Expansive new mixes, and newly unearthed demos and alternates of John Lennon’s chart-topping 1971 album “Imagine” were publicly unveiled before a sold-out audience at L.A.’s Grammy Museum on Wednesday night.
The event at the museum’s Clive Davis Theatre — featuring appearances by remix engineer Paul Hicks, director Andrew Solt, drummer Jim Keltner, and Lennon friend and confidant Elliot Mintz — prefaced Friday’s release of Capitol’s major new boxed set devoted to the album, and Eagle Vision’s DVD and Blu-ray re-release of Solt’s feature documentaries “Imagine: John Lennon” and “Gimme Some Truth.”
The evening aptly began with a clip of Lennon, alone in Ascot Sound Studios at his Tittenhurst Park estate in England, hurling himself into the roaring lead vocal for the key “Imagine” track “Gimme Some Truth.”
No doubt alluding to the political tenor of today’s times, Grammy Museum artistic director Scott Goldman, who served as host for the panel, drew applause from the audience by asking, “How appropriate was that clip?”
Solt marveled, “Seeing John always gets me. … John is so intense.” He described the monumental task of culling two films from some 200 hours of documentary footage “like looking for pearls in the ocean.”
The focus for the program was the imminent “Imagine” box “The Ultimate Collection,” which — while it has been somewhat overshadowed by Apple’s recently announced Nov. 9 re-release of the Beatles’ “White Album” — includes a similar bounty of previously unheard material among its 140 tracks. Like other posthumous Lennon releases, it has been produced and supervised by the musician’s widow, Yoko Ono.
The four-CD/two-Blu-ray super deluxe iteration of the package includes widescreen renderings of both a striking new 5.1 mix (previewed for journalists at a Capitol Records playback in September) and its original Quadrosonic surround mix, plus a rich new stereo mix and a variety of alternate stripped-down versions of the album’s 10 songs.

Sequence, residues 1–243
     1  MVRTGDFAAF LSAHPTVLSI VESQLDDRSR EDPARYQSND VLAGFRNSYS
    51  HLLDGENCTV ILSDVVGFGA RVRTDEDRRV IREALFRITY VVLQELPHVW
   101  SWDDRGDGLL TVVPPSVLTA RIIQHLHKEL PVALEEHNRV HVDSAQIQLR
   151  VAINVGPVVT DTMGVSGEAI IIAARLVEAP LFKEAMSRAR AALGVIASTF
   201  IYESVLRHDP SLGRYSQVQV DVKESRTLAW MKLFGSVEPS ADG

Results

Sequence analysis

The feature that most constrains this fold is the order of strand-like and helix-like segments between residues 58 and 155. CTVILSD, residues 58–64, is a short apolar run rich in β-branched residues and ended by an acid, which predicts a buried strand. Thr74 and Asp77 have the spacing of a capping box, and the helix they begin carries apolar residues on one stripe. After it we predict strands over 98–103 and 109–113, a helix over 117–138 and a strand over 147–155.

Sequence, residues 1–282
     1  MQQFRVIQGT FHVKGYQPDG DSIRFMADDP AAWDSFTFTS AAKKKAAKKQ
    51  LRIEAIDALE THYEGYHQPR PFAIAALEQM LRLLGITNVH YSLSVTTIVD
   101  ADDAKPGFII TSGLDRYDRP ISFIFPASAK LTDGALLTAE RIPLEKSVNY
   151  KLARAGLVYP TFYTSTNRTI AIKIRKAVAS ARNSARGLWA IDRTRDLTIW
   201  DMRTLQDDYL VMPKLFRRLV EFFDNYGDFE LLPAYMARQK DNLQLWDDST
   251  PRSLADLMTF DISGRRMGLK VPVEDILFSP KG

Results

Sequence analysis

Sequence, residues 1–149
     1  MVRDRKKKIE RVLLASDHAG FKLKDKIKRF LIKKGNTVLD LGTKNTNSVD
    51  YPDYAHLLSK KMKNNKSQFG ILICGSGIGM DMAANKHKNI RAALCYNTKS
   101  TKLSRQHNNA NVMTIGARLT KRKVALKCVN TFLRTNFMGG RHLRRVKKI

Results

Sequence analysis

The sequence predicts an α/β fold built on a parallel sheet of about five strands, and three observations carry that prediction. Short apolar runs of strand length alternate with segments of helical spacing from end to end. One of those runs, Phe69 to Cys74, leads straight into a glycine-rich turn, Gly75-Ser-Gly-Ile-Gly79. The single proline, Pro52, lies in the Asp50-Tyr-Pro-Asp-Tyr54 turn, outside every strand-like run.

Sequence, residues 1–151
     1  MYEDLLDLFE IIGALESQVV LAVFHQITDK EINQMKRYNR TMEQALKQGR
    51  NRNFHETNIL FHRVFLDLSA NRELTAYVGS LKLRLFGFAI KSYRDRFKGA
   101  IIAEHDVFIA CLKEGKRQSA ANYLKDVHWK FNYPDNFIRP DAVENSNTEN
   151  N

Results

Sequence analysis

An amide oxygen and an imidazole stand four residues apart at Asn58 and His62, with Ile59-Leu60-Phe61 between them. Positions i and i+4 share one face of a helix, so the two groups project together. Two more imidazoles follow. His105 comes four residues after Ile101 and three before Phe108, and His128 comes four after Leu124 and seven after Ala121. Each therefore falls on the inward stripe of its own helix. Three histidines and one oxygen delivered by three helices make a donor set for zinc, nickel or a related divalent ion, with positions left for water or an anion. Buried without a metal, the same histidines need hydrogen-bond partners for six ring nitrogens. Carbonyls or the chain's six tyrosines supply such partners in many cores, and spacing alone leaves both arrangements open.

“It’s intended to be immersive,” said engineer Hicks, who began work on the project in 2016.
One of the set’s major finds played at the museum was Lennon’s original piano demo of “Imagine,” which project engineer Rob Stevens discovered in the musician’s archives. Slathered with heavy slapback echo, it shows that the song was essentially complete in its first version.
Introducing the new “ultimate mix” of “Jealous Guy” — which will also be heard on the box devoted to 1968’s “The Beatles,” in its original demo form with variant lyrics, as “Child of Nature” — Hicks said, “The last thing we wanted to do is make it sound modern … [but] there were quite a few times when we thought the vocals could come up a bit.”
After Goldman pointed out that Lennon frequently manipulated his lead vocals with the extensive use of echo and multi-tracking, Mintz noted, “He didn’t think he had the greatest voice in song. We knew he had the most intimate voice in song. We knew he had the most genuine voice in song.”
Reminiscing about the “Jealous Guy” session, Keltner — whose performance on the song represented his first studio work with Lennon — recalled, “I went into a dream state. I hadn’t been in the studio with a genius before. … I was walking two feet off the ground.”
A playback of the raw mix of Lennon’s assaultive “How Do You Sleep?” prompted a question about the state of Lennon’s home studio, which was still under construction in 1971 as the “Imagine” sessions began. Lennon and Ono’s longtime assistant Dan Richter, who was seated in the audience, supplied an answer.
“In the morning, John said to me, ‘I’m gonna record tonight,’” Richter recalled, adding that he had to work all day on the studio board with a soldering iron to get it into shape. “It worked,” he said, prompting a laugh from the audience.
A Goldman query about Phil Spector — who co-produced “Imagine” and three of Lennon’s other solo albums — prompted a poignant reflection from a obviously affected Keltner, who worked with Spector on such projects as George Harrison’s “Living in the Material World,” Leonard Cohen’s “Death of a Ladies Man,” and the “Concert for Bangladesh” album. The producer is now serving a sentence of 19 years to life for the 2003 murder of actress Lana Clarkson.
Keltner said, “All of that tragedy is so awful, because the Phil Spector that I knew was the genius everybody knew he was. … [But] Phil had a lot of bad habits. With Phil, they took over, and he lost his mojo.”
Mintz, a longtime intimate of Lennon and Ono who hosted radio’s long-running “The Lost Lennon Tapes,” opined that the collaborative relationship between the musician and his wife led to an important evolution in his work.
“He was moving from the Beatles experience to the John-and-Yoko experience, which was liberating to him,” he said. “There was no longer a board. … What you’re hearing is the way John wanted to be.”
Mintz later pinpointed the honesty and candor that have made the musician’s work endure over the years: “We trusted him. We didn’t think he was a showbizzy guy. What he left behind is a sense of authenticity. He was the first to take the makeup off.”
The remixed “Imagine” will also see release tomorrow in two-CD and two-LP packages.